Probably the romance, it represents the investigative intent of the record.  The “Infante Arnaldos” comes from the romance tradition of the sixteenth century, and it came into the hands of Antonio in Segovia in 1980 thanks to philologist Diego Catalán who gave him a copy just minutes before he went on stage.  Mairena sang it that night and planned to record it on “El Calor de Mis Recuerdos”, but after Catalán gave it to him, Mairena discovered there were unresolved issues and disputes among investigators regarding contamination and other theories.  Antonio felt used and decided not to record it.  So each of the cantes on this record has its own story, so it’s not that important that some verses may never have been recorded before.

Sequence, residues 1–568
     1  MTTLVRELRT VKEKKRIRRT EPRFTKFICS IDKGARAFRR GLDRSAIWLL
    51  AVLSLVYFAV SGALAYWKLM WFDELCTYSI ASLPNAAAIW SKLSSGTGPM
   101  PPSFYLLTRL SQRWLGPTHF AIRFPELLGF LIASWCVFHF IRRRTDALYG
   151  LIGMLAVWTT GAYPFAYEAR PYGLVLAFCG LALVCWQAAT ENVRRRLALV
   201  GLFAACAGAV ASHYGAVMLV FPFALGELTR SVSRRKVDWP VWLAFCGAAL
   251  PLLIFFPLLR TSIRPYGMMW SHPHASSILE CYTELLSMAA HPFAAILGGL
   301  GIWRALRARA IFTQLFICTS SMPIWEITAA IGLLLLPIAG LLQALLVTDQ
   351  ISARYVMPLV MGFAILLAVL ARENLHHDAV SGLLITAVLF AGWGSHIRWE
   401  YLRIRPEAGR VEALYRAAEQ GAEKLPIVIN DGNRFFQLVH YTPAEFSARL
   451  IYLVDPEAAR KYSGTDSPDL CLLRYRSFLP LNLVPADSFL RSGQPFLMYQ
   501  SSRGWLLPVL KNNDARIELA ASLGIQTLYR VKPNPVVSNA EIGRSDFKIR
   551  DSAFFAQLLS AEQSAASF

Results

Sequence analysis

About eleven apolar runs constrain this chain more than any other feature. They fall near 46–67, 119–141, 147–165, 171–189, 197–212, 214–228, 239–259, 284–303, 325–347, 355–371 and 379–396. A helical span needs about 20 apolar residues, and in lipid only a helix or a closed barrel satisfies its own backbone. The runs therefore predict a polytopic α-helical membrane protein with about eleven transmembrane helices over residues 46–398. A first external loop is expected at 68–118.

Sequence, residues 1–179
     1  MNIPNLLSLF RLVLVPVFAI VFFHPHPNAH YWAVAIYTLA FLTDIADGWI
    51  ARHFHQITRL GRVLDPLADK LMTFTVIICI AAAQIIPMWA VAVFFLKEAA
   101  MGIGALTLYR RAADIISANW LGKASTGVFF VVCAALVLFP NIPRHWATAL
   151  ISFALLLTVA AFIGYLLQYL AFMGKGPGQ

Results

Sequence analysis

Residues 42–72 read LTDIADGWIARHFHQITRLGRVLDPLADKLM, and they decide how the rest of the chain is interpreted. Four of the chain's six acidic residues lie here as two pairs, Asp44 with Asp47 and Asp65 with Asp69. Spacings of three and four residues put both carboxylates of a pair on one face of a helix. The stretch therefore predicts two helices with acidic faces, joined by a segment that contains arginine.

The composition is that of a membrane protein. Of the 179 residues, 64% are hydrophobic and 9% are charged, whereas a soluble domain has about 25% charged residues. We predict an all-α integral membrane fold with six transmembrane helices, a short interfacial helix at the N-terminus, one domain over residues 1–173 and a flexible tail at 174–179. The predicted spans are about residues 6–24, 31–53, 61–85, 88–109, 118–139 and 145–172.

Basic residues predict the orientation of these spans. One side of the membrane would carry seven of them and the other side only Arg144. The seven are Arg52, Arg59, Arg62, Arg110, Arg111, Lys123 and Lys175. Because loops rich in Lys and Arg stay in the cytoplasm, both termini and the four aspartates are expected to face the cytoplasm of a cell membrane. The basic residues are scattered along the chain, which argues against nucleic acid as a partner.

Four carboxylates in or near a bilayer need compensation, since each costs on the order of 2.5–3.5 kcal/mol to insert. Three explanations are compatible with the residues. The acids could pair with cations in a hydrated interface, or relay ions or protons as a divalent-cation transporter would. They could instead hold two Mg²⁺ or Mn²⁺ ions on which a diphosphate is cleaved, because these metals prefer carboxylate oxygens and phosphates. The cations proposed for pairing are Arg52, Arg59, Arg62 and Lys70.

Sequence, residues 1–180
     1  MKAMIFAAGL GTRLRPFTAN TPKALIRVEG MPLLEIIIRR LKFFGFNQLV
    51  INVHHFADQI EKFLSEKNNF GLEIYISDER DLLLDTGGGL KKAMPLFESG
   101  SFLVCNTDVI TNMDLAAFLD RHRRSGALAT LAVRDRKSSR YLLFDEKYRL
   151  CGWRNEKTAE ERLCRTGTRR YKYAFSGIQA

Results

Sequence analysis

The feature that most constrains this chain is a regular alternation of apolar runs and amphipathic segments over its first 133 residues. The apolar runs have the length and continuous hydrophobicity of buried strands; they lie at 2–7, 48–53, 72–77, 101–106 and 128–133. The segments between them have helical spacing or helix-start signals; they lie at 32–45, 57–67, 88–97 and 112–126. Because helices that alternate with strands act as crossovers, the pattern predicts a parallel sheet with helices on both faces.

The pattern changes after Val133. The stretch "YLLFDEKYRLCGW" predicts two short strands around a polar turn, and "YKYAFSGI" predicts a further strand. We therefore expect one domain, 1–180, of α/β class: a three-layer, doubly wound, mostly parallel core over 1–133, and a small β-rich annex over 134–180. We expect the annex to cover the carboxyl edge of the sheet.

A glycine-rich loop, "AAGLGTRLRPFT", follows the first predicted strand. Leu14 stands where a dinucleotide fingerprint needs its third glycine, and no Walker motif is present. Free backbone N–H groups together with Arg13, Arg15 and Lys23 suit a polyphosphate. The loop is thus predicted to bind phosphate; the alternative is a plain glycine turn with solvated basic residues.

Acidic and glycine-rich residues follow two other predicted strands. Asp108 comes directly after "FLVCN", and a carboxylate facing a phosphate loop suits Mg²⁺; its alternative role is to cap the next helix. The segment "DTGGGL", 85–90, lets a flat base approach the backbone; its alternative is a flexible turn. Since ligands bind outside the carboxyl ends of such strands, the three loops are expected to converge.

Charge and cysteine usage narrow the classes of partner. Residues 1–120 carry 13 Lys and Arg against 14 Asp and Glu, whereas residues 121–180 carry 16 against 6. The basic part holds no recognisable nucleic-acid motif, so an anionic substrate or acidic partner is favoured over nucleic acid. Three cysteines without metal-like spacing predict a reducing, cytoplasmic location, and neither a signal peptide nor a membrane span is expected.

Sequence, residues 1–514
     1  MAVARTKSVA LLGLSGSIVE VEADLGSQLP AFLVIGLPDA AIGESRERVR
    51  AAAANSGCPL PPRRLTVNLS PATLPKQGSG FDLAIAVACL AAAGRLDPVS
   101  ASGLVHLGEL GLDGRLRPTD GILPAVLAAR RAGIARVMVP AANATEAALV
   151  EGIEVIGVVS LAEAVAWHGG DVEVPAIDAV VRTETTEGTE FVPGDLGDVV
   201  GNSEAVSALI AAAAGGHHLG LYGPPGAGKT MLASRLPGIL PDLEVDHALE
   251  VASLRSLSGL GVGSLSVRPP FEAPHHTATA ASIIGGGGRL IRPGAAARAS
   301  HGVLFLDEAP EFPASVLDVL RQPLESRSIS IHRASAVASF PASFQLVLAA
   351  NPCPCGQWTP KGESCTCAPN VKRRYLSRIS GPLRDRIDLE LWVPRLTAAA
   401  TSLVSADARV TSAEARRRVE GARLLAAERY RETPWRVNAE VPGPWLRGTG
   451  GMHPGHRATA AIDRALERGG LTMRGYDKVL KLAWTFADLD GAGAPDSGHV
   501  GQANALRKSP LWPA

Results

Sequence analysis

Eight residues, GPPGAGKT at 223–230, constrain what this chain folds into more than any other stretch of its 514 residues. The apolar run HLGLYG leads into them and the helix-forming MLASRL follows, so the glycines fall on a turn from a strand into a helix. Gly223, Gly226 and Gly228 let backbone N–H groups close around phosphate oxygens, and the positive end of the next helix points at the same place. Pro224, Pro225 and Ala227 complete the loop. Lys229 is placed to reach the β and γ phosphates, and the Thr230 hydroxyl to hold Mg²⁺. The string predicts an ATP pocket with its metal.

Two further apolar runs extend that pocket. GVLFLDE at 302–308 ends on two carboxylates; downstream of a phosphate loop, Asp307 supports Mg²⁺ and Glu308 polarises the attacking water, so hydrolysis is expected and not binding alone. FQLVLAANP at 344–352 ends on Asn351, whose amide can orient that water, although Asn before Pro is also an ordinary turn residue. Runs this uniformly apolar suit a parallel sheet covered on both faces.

How did it feel in live performance?

The record was presented in Mairena del Alcor last March, and a few weeks later in Zamora, a place where they really know how to appreciate cante, and where Mairena is the absolute reference.  There were good reviews in both places.  But now I’m involved in the presentation for Madrid.  I want to do several dates in the capital where I have a lot of fans.  It’s the acid test and I’m nervous about it.

You’ve won the “Silla de Oro”, the “Uva de Oro”, the National Prize for Jaleos Extremeños and Cantes Generales Porrina de Badajoz…we could go on with another 31 prizes.  Do you get used to winning this kind of thing?